By Noshua Watson
The UN High Level Panel met a few weeks ago to discuss the Post-2015 Millennium Development Goals framework. The new MDGs have been at the forefront of discussion in the UK, as Prime Minister David Cameron is co-chairing the panel with the presidents of Indonesia and Liberia. Out of the UK events, blogs and online discussion, different means of encouraging business participation in the MDGs have emerged: including business in the MDG consultation process, asking business to contribute to an enabling environment for economic growth and poverty reduction, integrating the MDGs into corporate strategic goals or even having an MDG oriented around private sector goals like FDI, employment or supply-chain inclusion.
An issue that has been assumed, but not directly addressed has been: while targeting the MDGs, how do you build local capacities? I think that those who want to engage business in the MDGs can learn from the philanthropic sector in this area. For the Bellagio Initiative on philanthropy and development, Bheki Moyo wrote that the aim of institutionalised (or vertical) philanthropy should be to support horizontal (or community/local/regional) philanthropy. The Bellagio Initiative worked this way, as the Rockefeller Foundation worked with IDS and the Resource Alliance to reach out to Southern NGOs, academics and thought leaders.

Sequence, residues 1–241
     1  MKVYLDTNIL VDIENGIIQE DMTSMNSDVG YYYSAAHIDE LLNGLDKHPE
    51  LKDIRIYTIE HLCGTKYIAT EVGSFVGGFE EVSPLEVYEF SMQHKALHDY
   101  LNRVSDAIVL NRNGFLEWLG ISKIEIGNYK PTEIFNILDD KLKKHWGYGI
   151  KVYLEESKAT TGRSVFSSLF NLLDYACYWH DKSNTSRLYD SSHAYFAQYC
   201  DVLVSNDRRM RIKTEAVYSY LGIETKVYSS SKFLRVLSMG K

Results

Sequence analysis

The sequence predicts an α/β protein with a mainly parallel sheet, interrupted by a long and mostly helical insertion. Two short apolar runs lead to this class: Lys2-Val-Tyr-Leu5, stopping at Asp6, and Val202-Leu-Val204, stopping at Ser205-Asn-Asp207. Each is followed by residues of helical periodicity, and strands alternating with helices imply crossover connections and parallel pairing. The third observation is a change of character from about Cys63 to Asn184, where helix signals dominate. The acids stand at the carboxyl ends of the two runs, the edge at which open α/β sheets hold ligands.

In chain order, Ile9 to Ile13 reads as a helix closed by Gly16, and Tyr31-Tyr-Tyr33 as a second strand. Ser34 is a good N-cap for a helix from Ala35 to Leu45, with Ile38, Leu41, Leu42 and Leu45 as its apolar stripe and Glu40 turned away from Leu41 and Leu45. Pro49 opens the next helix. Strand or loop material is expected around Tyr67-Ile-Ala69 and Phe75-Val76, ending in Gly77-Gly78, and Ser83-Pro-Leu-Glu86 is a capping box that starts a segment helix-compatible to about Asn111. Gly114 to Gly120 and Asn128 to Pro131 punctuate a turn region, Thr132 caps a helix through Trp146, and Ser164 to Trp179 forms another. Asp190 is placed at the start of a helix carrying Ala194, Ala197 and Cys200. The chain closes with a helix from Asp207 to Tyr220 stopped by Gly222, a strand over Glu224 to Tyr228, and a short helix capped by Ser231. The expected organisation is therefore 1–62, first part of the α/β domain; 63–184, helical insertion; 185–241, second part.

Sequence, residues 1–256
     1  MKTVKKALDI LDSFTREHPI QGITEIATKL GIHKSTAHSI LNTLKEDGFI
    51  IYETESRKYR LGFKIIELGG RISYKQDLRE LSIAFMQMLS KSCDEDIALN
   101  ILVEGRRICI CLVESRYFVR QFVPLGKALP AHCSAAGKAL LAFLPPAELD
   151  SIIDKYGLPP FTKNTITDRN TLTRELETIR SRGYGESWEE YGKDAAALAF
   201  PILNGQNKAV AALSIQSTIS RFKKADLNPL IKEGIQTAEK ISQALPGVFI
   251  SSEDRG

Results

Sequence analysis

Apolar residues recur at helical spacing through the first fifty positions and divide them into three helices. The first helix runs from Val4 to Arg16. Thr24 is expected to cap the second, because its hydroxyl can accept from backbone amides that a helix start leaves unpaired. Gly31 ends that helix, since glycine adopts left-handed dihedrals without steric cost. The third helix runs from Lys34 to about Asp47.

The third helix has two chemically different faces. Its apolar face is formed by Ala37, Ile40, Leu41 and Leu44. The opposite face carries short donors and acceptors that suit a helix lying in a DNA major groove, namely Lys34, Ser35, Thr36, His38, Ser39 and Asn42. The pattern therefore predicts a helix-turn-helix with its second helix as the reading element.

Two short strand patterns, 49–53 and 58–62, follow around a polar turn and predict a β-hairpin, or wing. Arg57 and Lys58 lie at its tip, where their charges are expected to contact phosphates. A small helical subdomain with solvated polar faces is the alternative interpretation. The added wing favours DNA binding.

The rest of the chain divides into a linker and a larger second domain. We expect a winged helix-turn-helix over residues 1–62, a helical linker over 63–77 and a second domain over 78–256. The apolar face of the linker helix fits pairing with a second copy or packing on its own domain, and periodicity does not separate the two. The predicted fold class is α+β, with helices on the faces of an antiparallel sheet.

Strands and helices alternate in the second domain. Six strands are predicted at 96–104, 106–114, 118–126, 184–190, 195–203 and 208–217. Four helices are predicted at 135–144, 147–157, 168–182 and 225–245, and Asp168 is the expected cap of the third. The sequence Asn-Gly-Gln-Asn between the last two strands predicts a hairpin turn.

At a recent workshop on how foundations could strengthen civil society in Africa held by Oxford-based NGO INTRAC, the participants concluded that there is a trade-off between working with local organisations that have already demonstrated their capacities versus taking time and money to strengthen new partners. They found that, “There may be multiple layers between monetary input and development activities and outcomes. A typical ‘chain’ might involve private funder, intermediary international NGO, local partner NGO(s), community-based organisations and individual beneficiaries.”
The same goes for businesses, especially multinationals, that would try to achieve the MDGs. Including smallholder farmers in a global value chain might also require finding and financing local processors. The Business Innovation Facility has piloted this kind of intervention to help expand an agro-processor and local supply chains in Nigeria.